NENA’s Jaeger looks back on an eventful 12 months for the 911 sector
It is natural to spend some time in reflection when one’s tenure ends. Barbara Jaeger, the immediate past president of the National Emergency Number Association (NENA) did just that in a recent interview with Urgent Communications. In a year that was more eventful than most for the 911 sector, Jaeger needed very little time to identify the most important milestone during her term in office.
“The text-to-911 agreement with the major wireless carriers,” she said.
Last December, NENA and the Association of Public-Safety Communications Officials (APCO) reached the agreement with Verizon, AT&T, Sprint and T-Mobile, all of which voluntarily agreed to provision text-to-911 service to any public-safety answering points (PSAPs) requesting it no later than May 15, 2014. They also agreed to provide “bounce-back” messages to alert anyone placing a 911 text when that service isn’t available in their local area at that time. The deadline for bounce-back messaging was June 30 of this year, and all four carriers beat the deadline.
Jaeger said that the carriers were receptive to the input provided by 911 sector officials.
“They weren’t making a whole lot of progress on their own, and they really wanted to be a part of the solution, not the problem” said Jaeger, who is the state of Arizona’s 911 administrator. “And they didn’t want the FCC to come down on them. This was a public-private partnership that really worked.”
While acknowledging that the success was borne of a joint effort between NENA and APCO, Jaeger praised the individual influence of NENA CEO Brain Fontes, who previously had been the vice president of government affairs for Cingular Wireless, which was absorbed by AT&T several years ago.
“Brian really was the one who brought the carriers together—the [NENA] board didn’t do much” Jaeger said. “He really understands how the carriers operate, and coming from that world, he had an ‘in.’”
A key aspect of the agreement is that text-to-911 service won’t be made available to the public until a PSAP decides to provision it. Some may see that as a negative in the sense that the 911 sector is plagued by funding woes; consequently, text to 911 in some areas may stay on the back burner indefinitely, perceived as a “nice-to-have” service. But Jaeger said that it was imperative that local communities be able to decide for themselves when the time is right to move forward with text to 911, rather than being forced to adhere to an unfunded mandate, which can spawn a host of unintended consequences.
“Dispatchers already have a half-dozen screens in front of them –how much more can you put on them?” she said. “How many more tasks are you going to ask them to do? How are you going to handle those calls?”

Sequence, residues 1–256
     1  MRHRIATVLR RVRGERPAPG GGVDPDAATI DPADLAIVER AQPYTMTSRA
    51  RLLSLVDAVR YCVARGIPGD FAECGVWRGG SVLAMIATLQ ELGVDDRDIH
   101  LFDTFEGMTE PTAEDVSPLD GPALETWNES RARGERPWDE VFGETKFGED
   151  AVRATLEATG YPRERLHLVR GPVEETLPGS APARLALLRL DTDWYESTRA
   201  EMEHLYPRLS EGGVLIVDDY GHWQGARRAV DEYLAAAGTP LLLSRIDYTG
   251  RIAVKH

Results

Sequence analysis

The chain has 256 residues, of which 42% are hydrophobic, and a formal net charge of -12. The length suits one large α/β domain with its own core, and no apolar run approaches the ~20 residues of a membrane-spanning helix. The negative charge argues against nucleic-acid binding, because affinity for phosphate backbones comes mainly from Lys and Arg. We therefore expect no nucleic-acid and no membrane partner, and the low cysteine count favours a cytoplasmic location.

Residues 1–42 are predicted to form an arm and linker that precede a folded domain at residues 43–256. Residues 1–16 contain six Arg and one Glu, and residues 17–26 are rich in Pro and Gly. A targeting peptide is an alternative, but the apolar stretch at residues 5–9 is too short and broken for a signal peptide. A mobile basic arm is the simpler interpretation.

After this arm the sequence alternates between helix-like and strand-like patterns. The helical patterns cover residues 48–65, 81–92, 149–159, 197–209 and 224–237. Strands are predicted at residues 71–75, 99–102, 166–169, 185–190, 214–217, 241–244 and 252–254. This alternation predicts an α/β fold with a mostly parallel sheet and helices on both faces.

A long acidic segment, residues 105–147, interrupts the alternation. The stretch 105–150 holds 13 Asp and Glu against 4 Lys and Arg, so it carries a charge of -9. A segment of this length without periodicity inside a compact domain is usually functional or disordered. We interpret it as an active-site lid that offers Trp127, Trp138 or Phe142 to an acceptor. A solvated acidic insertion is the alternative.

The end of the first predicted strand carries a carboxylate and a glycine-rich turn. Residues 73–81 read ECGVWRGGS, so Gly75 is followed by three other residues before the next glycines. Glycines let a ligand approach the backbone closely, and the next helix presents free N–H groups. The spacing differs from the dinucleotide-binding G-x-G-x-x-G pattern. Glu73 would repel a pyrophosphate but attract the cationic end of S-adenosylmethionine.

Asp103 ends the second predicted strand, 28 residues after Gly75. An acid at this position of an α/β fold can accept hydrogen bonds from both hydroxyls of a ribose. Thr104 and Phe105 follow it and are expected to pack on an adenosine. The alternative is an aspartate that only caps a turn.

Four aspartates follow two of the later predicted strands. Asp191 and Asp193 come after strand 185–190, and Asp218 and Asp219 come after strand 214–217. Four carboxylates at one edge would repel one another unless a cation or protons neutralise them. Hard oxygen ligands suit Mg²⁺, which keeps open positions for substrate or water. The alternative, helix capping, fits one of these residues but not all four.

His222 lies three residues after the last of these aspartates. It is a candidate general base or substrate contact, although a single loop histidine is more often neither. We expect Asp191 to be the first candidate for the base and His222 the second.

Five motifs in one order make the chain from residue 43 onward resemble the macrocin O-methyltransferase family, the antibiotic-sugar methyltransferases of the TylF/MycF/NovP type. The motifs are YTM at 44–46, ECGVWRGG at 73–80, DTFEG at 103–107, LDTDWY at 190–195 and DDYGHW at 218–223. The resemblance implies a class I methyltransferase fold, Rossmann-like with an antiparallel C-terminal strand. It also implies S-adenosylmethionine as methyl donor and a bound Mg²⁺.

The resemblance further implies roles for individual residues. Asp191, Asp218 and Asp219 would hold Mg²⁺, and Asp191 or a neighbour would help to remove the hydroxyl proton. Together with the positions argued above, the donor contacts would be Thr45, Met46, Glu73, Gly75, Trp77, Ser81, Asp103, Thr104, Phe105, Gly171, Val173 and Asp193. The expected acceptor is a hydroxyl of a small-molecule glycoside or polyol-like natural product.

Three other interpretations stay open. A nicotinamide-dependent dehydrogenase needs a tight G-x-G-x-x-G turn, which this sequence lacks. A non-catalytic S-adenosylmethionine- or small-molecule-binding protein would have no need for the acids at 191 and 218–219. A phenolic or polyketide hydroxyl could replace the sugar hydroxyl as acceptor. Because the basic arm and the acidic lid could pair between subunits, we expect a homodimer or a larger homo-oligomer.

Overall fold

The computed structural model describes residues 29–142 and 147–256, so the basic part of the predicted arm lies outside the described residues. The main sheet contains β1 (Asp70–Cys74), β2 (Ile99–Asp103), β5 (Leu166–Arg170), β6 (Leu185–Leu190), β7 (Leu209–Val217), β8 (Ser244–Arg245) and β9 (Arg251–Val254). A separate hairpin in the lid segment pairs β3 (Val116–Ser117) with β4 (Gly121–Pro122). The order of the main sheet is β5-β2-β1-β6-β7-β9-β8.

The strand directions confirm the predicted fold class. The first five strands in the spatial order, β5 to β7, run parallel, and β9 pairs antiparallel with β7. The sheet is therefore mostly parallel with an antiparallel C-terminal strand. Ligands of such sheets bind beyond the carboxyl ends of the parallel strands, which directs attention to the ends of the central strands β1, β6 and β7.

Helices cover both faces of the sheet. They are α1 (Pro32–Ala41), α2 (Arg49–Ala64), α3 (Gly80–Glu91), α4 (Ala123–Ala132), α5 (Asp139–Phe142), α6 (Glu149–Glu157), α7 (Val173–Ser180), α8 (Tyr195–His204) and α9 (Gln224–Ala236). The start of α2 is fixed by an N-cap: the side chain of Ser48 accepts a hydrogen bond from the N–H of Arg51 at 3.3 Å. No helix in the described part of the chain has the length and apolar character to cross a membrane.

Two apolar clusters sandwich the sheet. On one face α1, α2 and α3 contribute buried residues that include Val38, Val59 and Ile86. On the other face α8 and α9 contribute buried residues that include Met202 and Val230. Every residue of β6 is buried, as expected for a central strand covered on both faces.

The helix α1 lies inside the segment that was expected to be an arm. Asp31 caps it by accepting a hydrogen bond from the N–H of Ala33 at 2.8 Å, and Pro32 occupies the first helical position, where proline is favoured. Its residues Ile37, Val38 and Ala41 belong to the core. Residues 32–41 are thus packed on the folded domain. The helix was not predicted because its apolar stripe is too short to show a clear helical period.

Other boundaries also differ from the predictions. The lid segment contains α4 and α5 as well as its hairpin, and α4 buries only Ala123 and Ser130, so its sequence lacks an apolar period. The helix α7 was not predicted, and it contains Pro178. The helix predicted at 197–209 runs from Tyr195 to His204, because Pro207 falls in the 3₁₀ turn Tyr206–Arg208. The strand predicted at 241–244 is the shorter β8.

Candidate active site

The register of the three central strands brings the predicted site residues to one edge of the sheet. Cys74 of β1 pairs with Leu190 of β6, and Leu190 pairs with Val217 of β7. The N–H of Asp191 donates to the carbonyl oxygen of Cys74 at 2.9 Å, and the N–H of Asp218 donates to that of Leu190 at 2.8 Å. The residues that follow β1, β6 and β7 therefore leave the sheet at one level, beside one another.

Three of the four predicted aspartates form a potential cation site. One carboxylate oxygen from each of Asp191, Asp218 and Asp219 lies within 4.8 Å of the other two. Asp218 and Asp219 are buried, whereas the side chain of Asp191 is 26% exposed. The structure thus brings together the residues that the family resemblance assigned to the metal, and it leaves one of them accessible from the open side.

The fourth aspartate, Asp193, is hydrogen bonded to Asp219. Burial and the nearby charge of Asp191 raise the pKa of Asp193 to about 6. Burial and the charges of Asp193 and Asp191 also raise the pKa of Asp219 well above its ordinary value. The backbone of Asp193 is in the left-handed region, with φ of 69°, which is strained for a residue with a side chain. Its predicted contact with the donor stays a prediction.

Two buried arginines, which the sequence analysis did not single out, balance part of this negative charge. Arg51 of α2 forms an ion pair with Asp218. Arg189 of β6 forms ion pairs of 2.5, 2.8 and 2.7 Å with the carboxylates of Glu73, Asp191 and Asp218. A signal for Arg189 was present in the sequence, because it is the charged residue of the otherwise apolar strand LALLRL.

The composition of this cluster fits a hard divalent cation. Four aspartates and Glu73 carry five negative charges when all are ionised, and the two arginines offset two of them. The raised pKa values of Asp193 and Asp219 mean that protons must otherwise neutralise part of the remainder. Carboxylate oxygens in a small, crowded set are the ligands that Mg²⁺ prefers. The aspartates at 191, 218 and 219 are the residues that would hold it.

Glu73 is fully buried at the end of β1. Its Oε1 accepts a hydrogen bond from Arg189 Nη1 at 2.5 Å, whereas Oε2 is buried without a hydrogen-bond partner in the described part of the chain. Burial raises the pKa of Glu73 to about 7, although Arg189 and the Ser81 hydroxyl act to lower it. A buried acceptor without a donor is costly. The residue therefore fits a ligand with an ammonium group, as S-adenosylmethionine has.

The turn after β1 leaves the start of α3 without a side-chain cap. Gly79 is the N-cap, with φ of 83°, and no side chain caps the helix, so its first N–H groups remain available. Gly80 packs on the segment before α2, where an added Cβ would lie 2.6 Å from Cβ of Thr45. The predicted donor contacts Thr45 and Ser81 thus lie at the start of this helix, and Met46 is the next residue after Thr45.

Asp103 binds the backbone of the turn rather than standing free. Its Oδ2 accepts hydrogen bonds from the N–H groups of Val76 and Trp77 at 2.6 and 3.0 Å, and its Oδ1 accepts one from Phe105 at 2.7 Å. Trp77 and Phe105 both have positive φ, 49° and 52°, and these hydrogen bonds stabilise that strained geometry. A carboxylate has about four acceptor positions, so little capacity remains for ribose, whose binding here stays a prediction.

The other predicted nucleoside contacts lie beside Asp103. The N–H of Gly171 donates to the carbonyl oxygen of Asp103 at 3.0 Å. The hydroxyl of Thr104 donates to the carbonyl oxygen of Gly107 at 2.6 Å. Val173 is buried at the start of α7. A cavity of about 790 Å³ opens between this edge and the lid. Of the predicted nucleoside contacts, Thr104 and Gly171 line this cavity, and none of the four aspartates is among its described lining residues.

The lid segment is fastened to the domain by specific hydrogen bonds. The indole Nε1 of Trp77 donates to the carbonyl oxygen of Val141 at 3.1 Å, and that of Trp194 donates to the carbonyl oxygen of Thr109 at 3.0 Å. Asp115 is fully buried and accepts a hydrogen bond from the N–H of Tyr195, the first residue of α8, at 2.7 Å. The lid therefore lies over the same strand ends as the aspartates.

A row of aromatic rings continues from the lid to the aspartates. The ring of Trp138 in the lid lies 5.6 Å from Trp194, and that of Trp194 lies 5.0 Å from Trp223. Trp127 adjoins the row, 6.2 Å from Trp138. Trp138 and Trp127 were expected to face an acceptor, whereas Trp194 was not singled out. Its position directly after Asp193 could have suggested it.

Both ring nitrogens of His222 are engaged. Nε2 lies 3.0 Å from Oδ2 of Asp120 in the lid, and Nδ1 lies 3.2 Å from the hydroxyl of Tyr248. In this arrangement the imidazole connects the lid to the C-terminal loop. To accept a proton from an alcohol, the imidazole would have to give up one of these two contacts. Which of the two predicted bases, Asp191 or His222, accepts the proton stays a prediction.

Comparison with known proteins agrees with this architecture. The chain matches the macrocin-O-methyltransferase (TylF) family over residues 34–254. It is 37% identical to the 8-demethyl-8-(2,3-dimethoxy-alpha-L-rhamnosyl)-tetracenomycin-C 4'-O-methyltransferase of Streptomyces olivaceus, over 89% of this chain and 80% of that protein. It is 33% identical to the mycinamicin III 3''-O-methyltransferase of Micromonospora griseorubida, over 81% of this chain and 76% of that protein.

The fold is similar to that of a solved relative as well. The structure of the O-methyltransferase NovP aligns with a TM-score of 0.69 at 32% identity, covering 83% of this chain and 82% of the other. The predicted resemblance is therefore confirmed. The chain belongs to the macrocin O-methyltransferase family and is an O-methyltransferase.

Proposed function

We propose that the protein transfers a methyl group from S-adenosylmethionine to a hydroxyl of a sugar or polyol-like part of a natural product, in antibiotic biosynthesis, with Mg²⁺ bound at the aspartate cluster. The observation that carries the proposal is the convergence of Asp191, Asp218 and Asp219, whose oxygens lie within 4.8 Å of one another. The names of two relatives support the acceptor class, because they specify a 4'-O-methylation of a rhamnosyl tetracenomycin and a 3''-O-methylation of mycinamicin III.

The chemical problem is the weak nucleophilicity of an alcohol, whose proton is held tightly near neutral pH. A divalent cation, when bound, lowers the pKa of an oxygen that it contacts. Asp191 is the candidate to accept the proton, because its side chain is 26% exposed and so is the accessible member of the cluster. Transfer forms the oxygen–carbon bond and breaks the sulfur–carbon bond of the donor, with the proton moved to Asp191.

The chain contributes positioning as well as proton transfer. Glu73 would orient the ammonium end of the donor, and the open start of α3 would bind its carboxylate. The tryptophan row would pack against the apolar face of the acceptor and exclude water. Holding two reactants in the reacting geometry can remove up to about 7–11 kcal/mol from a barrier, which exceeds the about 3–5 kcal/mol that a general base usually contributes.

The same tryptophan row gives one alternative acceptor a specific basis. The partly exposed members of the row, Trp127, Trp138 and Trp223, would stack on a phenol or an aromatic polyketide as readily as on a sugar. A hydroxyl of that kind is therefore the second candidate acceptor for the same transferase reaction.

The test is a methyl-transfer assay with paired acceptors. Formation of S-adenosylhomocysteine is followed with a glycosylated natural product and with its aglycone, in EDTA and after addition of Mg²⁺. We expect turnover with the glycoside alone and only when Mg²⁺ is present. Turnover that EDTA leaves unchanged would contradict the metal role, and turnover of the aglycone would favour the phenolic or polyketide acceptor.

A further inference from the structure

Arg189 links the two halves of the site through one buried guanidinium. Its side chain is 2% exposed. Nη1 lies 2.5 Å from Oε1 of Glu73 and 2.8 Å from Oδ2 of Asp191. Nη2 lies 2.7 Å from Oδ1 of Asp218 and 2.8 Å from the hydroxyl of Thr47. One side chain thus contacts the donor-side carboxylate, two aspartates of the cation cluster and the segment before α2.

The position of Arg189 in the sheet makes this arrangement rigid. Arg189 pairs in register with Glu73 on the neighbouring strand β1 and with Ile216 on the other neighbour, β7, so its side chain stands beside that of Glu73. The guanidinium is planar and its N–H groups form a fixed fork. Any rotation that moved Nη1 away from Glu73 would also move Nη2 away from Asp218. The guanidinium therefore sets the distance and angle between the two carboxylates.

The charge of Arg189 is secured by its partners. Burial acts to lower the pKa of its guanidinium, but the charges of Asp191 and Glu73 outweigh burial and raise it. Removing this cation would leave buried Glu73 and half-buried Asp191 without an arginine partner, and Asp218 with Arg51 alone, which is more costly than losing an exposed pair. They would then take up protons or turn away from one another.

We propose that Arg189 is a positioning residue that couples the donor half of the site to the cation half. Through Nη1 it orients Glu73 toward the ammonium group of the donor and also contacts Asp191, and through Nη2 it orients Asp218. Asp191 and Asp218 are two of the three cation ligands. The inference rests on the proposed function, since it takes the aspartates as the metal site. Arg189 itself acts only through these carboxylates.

Another highlight of Jaeger’s 12 months as NENA president was winning accreditation from the American National Standards Institute (ANSI), which establishes guidelines for standards development and ensures that member organizations conform to them.
“Getting their stamp of approval is a big deal,” Jaeger said. “ANSI looks for all of the holes in the development process to make sure that any standard you produce is going to hold up—even in court.”
Fontes agreed. “NENA has been developing standards for 911 for decades, but the ANSI accreditation is a nice feather in our cap, because it validates what we have been doing,” he said.
Finally, Jaeger said that she was quite pleased with the progress made by NENA’s Friends of 911 Foundation, which “really took off this year.” The effort received a major boost when the movie “The Call” serendipitously was released to theaters just as the foundation was getting started.
“That was a crucial time,” Jaeger said.
The movie stars actress Halle Berry, who portrays a 911 telecommunicator who handles the emergency call made by a young woman who has been abducted at a shopping center. Berry appeared at a special premier of the movie in Los Angeles that served as a fund-raiser for Friends of 911 and has spoken in praise of 911 telecommunicators on several major talk shows, which has given the sector some much-needed positive publicity.
Any funding received by the foundation will be spent on telecommunicator training, and a process is in place for agencies to apply for the money, Jaeger said, noting that there aren’t a lot of funds just yet. “But you have to start somewhere,” she said.
Jaeger feels good about where the 911 sector is these days as she hands the baton to incoming NENA President Buster Brown, a regional director for the Virginia Information Technologies Agency.
“All in all, the year was very successful,” she said.
Next: Brown looks ahead.